My very first post for this blog (which is nearly two years old) covered the Arizona Court of Appeals’ decision in RSP Architects, Ltd. v. Five Star Development Resort Communities, LLC, 306 P.3d 93, 232 Ariz. 436 (App. 2013). In RSP Architects, the court held that Arizona’s private sector prompt payment laws (A.R.S. § 32-1129 et seq.) do not apply to architectural service contracts. While this remains the case, Arizona design professionals recently scored a victory on the prompt payment front. The Arizona Design Professional Prompt Pay Act (the “Act”) was created earlier this year when Governor Ducey signed H.B. 2336 into law. The Act, which went into effect on July 3, 2015, establishes requirements for promptly paying “design professionals” performing work on state, county, and municipal construction projects. For purposes of the Act, “design professional services” are defined as “architect services, engineer services, land surveying services, geologist services or landscape architect services or any combination…” thereof.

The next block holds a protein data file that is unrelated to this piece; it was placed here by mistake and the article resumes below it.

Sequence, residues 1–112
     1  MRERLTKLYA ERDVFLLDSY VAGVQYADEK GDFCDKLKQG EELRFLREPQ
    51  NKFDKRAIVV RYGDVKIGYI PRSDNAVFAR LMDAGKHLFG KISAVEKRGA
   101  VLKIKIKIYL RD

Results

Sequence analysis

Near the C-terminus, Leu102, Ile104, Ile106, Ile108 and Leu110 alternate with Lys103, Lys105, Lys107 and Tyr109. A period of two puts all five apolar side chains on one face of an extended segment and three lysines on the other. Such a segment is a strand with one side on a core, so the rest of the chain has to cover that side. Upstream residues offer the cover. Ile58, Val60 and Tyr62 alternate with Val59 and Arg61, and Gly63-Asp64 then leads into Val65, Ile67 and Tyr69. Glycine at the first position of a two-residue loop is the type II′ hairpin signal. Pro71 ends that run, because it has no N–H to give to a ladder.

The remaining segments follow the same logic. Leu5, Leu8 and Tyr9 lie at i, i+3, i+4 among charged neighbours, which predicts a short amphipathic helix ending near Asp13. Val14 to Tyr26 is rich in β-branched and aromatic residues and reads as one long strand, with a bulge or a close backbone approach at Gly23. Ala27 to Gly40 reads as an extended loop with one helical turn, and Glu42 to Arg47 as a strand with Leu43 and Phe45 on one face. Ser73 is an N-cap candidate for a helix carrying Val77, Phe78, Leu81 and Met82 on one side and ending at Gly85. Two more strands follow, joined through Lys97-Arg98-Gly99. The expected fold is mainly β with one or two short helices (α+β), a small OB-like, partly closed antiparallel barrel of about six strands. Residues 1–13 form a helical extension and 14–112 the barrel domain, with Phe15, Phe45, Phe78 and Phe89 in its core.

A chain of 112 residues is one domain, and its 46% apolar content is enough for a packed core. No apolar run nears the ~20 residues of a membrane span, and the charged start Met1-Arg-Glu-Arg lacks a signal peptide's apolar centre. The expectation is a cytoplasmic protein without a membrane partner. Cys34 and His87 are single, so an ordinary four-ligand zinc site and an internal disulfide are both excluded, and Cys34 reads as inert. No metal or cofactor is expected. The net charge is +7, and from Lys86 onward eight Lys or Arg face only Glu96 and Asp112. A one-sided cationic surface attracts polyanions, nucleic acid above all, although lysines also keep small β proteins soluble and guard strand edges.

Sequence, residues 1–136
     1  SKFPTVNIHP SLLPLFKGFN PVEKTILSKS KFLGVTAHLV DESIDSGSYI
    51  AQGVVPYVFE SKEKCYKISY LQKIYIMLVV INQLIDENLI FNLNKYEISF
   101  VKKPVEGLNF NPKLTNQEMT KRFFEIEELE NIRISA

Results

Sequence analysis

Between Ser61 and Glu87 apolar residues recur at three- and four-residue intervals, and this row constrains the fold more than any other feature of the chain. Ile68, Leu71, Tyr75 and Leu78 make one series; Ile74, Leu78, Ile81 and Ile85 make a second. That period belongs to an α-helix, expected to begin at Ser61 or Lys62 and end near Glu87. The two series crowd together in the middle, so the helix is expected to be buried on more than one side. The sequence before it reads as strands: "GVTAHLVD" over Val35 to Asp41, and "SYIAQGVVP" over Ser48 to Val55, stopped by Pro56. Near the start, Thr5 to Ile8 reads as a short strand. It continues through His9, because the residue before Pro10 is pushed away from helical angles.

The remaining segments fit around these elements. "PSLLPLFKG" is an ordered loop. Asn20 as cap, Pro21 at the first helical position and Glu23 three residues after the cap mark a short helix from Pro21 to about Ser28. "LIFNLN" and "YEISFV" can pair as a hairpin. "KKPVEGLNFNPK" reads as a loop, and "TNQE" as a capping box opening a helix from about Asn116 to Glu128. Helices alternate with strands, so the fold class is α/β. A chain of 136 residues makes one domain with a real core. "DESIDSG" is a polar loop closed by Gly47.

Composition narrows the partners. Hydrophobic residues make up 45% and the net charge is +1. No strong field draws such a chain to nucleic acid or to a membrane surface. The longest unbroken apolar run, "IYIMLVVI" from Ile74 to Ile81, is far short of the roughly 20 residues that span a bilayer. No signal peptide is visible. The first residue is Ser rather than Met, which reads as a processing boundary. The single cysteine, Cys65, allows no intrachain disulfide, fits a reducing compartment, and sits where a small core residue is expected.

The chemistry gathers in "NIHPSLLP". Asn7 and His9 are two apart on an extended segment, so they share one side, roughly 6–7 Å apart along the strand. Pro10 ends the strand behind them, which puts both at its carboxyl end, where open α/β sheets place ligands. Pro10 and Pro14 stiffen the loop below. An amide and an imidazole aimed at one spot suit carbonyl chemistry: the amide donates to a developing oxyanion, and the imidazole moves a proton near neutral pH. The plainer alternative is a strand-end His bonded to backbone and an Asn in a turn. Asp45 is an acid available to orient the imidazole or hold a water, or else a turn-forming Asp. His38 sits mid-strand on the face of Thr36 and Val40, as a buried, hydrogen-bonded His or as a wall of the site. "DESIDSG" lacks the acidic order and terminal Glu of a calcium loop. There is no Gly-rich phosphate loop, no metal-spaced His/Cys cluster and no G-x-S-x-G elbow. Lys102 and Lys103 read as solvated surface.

The Arizona Court of Appeals recently addressed the scope of Arizona’s Prompt Payment Act in RSP Architects, Ltd. v. Five Star Development Resort Communities, LLC, 306 P.3d 93, 232 Ariz. 436 (App. 2013). Specifically, the court was tasked with determining whether an architect performing an architectural services contract was a “contractor” entitled to protection under the Act. Consistent with the ordinary definitions of “architect” and “contractor,” the court ultimately held that the Act does not apply to architectural service contracts. But the case was not as straightforward as one might have expected.